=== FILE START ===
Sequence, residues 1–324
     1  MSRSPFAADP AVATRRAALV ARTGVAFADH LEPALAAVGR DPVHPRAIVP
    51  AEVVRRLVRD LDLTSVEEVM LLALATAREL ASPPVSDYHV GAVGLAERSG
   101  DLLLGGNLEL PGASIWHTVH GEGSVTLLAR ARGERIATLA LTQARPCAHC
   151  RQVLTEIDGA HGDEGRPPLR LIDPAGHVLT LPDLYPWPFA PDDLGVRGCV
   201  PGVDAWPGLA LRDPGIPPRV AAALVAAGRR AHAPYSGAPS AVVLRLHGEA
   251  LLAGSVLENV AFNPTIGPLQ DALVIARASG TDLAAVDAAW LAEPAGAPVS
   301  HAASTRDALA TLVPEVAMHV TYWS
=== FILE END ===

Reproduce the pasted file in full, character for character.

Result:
Sequence, residues 1–324
     1  MSRSPFAADP AVATRRAALV ARTGVAFADH LEPALAAVGR DPVHPRAIVP
    51  AEVVRRLVRD LDLTSVEEVM LLALATAREL ASPPVSDYHV GAVGLAERSG
   101  DLLLGGNLEL PGASIWHTVH GEGSVTLLAR ARGERIATLA LTQARPCAHC
   151  RQVLTEIDGA HGDEGRPPLR LIDPAGHVLT LPDLYPWPFA PDDLGVRGCV
   201  PGVDAWPGLA LRDPGIPPRV AAALVAAGRR AHAPYSGAPS AVVLRLHGEA
   251  LLAGSVLENV AFNPTIGPLQ DALVIARASG TDLAAVDAAW LAEPAGAPVS
   301  HAASTRDALA TLVPEVAMHV TYWS